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Microgreens are the original petite cuisine. Dainty and delicate atop any dish, served at some of the most revered restaurants in Columbus, the highfalutin alternative to salad or sprouts might have an unlikely source. Drew Sample supplies a select set of chefs throughout Central Ohio, eager to acquire his premium small-scale produce, from an equally [...]
J.R. McMillan

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Microgreens are the original petite cuisine. Dainty and delicate
atop any dish, served at some of the most revered restaurants in Columbus, the highfalutin alternative to salad or sprouts might have an unlikely source.

Drew Sample supplies a select set of chefs throughout Central Ohio, eager to acquire his premium small-scale produce, from an equally small-scale farm he operates on a tiny lot in North Linden—a neighborhood hardly known as a hotbed of horticulture.

“For me, urban farming really was a political act, it’s showing what you’re about instead of what you’re against,” he explained. “Decentralizing the food system and helping to create a different relationship between people and what they eat is essential.”

An intriguing addition to an otherwise sanguine salad, those diminutive doses of arugula, mustard, and cilantro aren’t meant to make your plate pretty. Microgreens have all of the nutrient density and flavor intensity destined to become a mature plant, just harvested in days or a couple of weeks instead of months.

 

“Decentralizing the food system and helping to create a different relationship between people and what they eat is essential.”

“They’re more than an upscale garnish, but sometimes folks don’t know where to begin beyond salad. I think burgers are the way to go,” he explained, noting how he tries to help chefs get creative. “They add so much color and texture. My dad surprised me by putting micro-radish on mashed potatoes, it’s peppery. So now I’ve converted several people to microgreens with this photo he sent me of his mashed potatoes.”

Hailing from Toledo, with family roots in Kentucky, Sample returned to Columbus in his late 20s, having spent a stretch of his formative years here from adolescence to early adulthood. But a soul-crushing corporate sales job and suburbia never quite fit his free spirit or sense of purpose.

“I learned something from every job I’ve had that helped me go into business for myself. But most of the time, it seemed like I was just getting paid to deal with irate customers,” he revealed. “I was looking for a business to fall back on and farming was something I knew I could do.”

Sample’s inspiration and knowledge of farming came firsthand from his grandfather, who, as a farmer left Appalachia looking for the promise of urban life, only to find a different kind of struggle. It’s a work ethic that rubbed off from an early age, and when the opportunity arrived, it was seed money from his grandfather that helped him start Capital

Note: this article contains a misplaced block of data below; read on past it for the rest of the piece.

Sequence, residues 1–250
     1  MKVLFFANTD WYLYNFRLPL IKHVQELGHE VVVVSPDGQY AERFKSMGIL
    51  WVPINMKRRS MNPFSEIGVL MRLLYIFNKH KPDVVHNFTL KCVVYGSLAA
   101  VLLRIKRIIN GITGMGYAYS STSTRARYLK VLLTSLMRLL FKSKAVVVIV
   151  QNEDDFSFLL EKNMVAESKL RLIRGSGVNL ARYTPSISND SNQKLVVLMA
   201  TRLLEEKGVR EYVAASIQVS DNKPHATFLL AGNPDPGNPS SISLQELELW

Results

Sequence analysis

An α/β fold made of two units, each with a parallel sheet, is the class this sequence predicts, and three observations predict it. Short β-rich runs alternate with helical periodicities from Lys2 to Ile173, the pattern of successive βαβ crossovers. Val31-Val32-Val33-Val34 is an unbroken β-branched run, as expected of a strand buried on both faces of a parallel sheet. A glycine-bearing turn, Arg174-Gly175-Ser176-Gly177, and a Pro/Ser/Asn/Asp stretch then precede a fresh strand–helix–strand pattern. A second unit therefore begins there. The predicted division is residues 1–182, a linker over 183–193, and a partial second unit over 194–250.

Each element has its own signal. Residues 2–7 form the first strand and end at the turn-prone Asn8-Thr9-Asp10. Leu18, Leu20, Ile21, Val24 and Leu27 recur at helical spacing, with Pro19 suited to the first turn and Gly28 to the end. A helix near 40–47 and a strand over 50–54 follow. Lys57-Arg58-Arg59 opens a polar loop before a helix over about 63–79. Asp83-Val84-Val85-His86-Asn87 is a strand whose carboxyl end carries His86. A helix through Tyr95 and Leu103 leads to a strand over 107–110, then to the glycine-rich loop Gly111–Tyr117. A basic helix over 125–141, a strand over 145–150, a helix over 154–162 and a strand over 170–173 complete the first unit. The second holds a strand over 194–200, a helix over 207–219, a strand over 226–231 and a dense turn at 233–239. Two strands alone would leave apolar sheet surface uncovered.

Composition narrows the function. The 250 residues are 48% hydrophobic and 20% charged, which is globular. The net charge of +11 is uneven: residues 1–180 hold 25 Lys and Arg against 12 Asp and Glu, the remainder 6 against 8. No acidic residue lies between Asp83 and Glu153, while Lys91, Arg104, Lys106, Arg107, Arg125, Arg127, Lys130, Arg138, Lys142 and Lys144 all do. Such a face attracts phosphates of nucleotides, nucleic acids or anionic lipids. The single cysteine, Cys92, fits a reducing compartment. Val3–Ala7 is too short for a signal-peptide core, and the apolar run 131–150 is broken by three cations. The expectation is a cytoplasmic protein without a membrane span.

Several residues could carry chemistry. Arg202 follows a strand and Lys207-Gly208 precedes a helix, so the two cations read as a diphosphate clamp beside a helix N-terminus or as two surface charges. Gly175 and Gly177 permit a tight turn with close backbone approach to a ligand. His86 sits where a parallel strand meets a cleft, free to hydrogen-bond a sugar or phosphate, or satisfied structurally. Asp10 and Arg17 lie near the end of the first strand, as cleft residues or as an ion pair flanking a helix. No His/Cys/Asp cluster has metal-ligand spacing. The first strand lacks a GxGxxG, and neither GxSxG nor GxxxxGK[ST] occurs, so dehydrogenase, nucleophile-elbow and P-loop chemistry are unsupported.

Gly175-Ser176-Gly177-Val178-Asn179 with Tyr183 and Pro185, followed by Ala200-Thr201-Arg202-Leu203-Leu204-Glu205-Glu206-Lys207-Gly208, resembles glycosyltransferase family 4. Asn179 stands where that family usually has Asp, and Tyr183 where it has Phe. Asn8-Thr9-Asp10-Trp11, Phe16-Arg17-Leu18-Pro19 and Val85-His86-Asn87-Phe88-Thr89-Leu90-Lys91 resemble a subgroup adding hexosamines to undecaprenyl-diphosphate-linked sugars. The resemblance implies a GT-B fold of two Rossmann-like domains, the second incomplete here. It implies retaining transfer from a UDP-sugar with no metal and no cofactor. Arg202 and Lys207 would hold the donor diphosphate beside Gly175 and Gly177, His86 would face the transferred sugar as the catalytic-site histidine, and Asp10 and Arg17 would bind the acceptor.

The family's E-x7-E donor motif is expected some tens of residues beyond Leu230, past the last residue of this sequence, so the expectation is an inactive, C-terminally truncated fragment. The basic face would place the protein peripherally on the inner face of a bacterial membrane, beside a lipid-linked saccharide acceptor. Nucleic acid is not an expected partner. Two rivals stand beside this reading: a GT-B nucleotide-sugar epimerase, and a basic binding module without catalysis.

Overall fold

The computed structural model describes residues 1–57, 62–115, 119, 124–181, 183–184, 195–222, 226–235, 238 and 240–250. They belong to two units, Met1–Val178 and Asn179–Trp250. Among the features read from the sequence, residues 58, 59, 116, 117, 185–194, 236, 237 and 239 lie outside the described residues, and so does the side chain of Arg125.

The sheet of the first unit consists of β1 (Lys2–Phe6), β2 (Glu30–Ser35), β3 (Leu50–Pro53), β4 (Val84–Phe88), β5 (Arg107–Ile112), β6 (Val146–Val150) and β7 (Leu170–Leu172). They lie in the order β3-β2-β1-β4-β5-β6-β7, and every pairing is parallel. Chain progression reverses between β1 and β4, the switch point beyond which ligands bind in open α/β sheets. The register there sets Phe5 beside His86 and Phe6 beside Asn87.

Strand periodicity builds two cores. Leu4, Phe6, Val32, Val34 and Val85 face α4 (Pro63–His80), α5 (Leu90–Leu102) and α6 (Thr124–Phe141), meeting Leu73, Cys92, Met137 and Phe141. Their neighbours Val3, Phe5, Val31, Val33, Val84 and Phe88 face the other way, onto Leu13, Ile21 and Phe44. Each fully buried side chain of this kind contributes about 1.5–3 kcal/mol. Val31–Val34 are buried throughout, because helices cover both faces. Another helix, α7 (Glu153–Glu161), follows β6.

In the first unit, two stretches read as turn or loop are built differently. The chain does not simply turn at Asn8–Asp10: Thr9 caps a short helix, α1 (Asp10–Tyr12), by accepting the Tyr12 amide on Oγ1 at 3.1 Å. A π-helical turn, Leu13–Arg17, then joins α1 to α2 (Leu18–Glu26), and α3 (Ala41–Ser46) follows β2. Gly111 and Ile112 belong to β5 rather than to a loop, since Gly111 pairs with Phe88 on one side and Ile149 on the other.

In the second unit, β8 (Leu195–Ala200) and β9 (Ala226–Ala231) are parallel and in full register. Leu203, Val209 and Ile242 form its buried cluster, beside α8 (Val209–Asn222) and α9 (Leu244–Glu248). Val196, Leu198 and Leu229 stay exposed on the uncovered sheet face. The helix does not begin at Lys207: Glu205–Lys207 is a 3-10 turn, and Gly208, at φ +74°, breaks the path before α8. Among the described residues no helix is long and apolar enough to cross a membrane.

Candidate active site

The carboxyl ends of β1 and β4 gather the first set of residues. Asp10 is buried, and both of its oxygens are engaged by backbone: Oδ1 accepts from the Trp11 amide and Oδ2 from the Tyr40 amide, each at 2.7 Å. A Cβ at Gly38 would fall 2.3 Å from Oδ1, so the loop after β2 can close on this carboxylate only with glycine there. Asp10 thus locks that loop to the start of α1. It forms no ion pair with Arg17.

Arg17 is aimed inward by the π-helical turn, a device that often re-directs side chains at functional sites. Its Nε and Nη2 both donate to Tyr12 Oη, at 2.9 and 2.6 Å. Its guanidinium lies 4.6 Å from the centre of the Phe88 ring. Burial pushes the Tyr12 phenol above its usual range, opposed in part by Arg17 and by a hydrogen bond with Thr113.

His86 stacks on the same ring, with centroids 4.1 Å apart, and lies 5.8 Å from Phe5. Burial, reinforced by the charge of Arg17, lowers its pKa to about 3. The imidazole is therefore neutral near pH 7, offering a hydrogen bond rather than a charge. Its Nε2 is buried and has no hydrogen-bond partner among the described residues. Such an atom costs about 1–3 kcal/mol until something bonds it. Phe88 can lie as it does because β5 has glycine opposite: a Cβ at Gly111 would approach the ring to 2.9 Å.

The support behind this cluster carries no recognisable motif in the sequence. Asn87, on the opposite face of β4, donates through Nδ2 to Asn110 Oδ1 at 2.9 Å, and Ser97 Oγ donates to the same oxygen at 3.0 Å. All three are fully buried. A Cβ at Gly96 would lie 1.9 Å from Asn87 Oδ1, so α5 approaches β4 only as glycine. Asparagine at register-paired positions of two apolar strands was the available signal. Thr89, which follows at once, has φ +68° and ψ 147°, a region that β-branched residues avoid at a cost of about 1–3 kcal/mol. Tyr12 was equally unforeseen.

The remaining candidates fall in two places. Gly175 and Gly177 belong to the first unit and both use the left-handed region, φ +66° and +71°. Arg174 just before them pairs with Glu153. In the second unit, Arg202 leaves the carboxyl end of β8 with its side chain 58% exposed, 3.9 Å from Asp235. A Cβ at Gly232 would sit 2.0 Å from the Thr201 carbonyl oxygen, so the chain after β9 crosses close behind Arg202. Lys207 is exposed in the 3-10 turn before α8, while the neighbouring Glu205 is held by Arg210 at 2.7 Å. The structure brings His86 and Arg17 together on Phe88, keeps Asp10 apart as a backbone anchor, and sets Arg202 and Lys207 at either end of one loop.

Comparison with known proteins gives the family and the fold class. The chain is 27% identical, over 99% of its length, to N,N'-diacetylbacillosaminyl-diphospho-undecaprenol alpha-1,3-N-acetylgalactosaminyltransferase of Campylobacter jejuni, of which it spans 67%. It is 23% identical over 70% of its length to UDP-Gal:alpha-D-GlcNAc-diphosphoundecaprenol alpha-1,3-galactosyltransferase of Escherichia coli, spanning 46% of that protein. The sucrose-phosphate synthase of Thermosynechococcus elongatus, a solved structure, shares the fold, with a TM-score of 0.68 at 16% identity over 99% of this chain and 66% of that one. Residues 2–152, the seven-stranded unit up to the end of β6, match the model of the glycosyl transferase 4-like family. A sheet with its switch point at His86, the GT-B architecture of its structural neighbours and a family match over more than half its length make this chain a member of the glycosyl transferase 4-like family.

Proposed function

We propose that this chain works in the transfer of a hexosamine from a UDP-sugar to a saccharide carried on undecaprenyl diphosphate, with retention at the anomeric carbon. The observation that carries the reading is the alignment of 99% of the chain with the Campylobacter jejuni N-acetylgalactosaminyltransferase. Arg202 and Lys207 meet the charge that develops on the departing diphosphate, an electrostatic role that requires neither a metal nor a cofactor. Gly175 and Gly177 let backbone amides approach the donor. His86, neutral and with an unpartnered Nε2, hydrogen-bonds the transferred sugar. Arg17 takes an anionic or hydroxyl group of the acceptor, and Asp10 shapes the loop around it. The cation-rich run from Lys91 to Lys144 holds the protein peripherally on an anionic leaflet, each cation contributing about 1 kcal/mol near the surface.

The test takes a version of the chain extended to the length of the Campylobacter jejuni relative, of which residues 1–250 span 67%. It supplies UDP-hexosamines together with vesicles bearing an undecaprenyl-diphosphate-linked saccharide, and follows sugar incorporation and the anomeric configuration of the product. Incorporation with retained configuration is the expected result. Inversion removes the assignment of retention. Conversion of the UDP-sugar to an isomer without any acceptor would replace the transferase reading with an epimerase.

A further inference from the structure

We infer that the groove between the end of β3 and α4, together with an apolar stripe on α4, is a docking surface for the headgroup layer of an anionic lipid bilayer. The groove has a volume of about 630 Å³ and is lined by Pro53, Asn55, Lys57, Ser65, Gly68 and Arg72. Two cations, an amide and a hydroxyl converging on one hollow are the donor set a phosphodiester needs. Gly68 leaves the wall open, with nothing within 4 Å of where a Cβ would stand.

City Gardens.

“I harvested yesterday and I’m going to deliver everything today. That’s my edge over bigger companies that charge more for a lower quality product,” he explained. “A lot of farmers charge a delivery fee. I live in the city, so I don’t have to—and if chefs let me know they need something
I happen to have, I can add it to the delivery.”

There are no slick brochures or advertising budget. Capital City Gardens is as organic as marketing gets. Clients vary widely, but his business is built almost exclusively on personal referrals, from the Refectory and the Ohio State Faculty Club, to The Guild House, M at Miranova, and Cameron’s American Bistro. A couple of breweries also round out the list, but he’s always looking for customers, with a soft pitch and a smile.

“You go where you’re
deserved, not simply where you’re needed. It’s why I’m
happy to donate my produce and time to people who hustle and work hard to improve
their own communities.”

“I picked up The Little Kitchen food truck at a farmers market,” he explained. “I just asked her where she got her microgreens, offered her some of mine, and she started buying.”

Sample originally started by volunteering with a community farm on the south side of the city, harvesting and working the farmers market on the weekends. You’ll still find him lending a hand at the Westgate Farmers Market, even beyond operating his own booth.

“Farmers markets are built on ground-up innovation. For me, it’s easy to just set up and not worry about how to take SNAP. I can just tell people I accept anything you have for food,” he explained. “You go where you’re deserved, not simply where you’re needed. It’s why I’m happy to donate my produce and time to people who hustle and work hard to improve their own communities.”

But once-weekly markets alone weren’t enough to build a business, and by the end of his first summer, economic realities started to set in.

“Last season, most of my income was coming from farmers markets. So when it ended, I was in a lot of trouble,” he admitted, even working at a pizza joint as a side gig while growing his roster of restaurants. Now they’re the majority of his business, and OH Pizza and Brew is a client. “Restaurants have to pick and choose what they buy locally, so I work with chefs to understand what they want before I plant.”